Two years ago DC Comics did a major reboot of its entire superhero comic book line. Called the New 52, every comic book started fresh from issue number one and many heroes, like Firestorm, received major make-overs. Others, like Batman and Superman, had tweaks to bring them into a more modern age.
For instance, Batman sports black and grey armor with a cowl, cape and utility belt. Gone is the “underpants on the outside” look.
At the time of the reboot, Batman and Superman have been active for about five to six years. The Justice League formed about five years ago.
Some comics explored the early years — Action Comics looked at Superman’s early battles and The Justice League depicted an updated origin story (against Darkseid) and then skipped ahead five years.
As for Batman, right from the start, DC Comics launched a huge saga pitting the Batman against a cartel of Gotham City’s power elite called The Court of Owls, and their enforcers, the Talons.
While the “reboot” may throw what we know about Batman’s history into some doubt, his personality is very much the same. Batman owns Gotham City and rules its night. Thus, writer Scott Snyder can launch into a very personal contest between Batman and the Court of Owls over who owns Gotham City.
The saga is so large, it’s been collected into three volumes with spillover into other titles. So you may ask, how should I read this tale?
The Court of Owls Saga:
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Batman: The Court of Owls
Nightwing: Traps and Trapezes
Batman: Night of the Owls
(All-Star Western 9, Batman 8-9, Batman Annual 1, Batman: The Dark Knight 9, Batman: Detective Comics 9, Batgirl 9, Batwing 9, Birds of Prey 9, Nightwing 8-9, Batman and Robin 9, Catwoman 9, Red Hood and the Outlaws 9)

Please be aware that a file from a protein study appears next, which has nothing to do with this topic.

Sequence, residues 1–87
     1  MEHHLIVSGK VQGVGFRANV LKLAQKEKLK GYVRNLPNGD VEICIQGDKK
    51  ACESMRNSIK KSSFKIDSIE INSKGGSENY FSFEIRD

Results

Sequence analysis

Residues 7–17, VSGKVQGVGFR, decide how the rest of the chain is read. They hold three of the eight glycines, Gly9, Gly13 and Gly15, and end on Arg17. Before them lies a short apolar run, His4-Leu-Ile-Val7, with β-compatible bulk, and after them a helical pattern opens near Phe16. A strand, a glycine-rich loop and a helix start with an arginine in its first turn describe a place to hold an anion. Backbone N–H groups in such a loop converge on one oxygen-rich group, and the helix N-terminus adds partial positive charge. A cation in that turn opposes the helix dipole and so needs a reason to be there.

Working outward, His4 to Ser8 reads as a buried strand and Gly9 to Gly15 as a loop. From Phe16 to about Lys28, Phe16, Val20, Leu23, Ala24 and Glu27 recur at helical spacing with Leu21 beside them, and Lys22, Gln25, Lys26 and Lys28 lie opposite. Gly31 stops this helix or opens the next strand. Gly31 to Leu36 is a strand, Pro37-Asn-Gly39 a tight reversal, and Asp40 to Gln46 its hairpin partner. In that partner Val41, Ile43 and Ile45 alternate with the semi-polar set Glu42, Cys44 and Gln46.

Batman: City of Owls
(Batman 8-12 and Annual 1)
What is the best way to read them? Start with Batman: The Court of Owls, read Nightwing: Traps and Trapezes, then Batman: Night of the Owls except for the last story (It’s titled “The Fall of the House of Wayne” and opens with Jarvis Pennyworth writing a last letter to his son Alfred — you’ll find it reprinted in its proper order in Batman: City of Owls). Then move on to Batman: City of Owls.
Another title that has close ties to “The Court of Owls” saga, is All-Star Western, which takes place in the 1880s and stars Jonah Hex and a reluctant Dr. Amadeus Arkham.
In the first volume, All Star Western: Guns and Gotham, Jonah Hex comes to Gotham, a city that he hates, looking for a bounty. What he finds is the fledgling Religion of Crime organization (seen in the pages of Batwoman) and, in the last story of the collection, a child kidnapper with ties to the Court of Owls.
In the second volume, All Star Western: The War of Lords and Owls, Jonah and Dr. Arkham chase the kidnapper to New Orleans and encounter a Talon — the Court of Owls assassin. Although part of this story is incorporated in Batman: Night of the Owls, it starts in the middle of the adventure, minutes before the Talon attacks and most of the back story is glossed over.
“The Court of Owls” Saga is well worth your time to read and it sets up one of the most powerful Joker stories I’ve ever read: “The Death of the Family”.